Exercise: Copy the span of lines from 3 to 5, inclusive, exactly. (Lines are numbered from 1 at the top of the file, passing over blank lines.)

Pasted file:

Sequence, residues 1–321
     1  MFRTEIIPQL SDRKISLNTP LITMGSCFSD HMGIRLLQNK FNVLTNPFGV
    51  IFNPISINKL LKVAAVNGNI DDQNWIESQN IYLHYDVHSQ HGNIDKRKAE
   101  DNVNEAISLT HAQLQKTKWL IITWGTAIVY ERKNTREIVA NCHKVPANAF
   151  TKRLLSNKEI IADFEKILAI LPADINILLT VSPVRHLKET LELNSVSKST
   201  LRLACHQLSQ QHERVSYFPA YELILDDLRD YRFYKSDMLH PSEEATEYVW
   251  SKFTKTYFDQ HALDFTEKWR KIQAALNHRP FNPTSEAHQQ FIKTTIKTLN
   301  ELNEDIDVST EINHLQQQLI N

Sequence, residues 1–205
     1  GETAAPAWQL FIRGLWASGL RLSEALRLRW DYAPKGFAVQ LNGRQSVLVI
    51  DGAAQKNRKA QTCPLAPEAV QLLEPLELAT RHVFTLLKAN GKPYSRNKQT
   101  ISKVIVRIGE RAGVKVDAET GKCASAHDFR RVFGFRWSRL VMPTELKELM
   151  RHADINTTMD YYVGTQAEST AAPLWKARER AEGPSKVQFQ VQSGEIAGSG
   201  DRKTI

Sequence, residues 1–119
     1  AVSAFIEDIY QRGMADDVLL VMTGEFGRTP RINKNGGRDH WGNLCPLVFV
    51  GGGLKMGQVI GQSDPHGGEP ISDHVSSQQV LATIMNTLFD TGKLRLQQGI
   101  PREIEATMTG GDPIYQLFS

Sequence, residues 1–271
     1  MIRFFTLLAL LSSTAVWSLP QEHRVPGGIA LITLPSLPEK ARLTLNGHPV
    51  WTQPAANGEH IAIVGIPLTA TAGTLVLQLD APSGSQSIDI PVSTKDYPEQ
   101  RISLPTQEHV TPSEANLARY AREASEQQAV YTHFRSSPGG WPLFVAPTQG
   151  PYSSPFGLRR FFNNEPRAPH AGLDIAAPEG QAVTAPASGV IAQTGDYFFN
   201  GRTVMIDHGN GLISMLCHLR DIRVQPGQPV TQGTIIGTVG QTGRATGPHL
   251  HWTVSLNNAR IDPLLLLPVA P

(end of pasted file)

    51  IFNPISINKL LKVAAVNGNI DDQNWIESQN IYLHYDVHSQ HGNIDKRKAE
   101  DNVNEAISLT HAQLQKTKWL IITWGTAIVY ERKNTREIVA NCHKVPANAF
   151  TKRLLSNKEI IADFEKILAI LPADINILLT VSPVRHLKET LELNSVSKST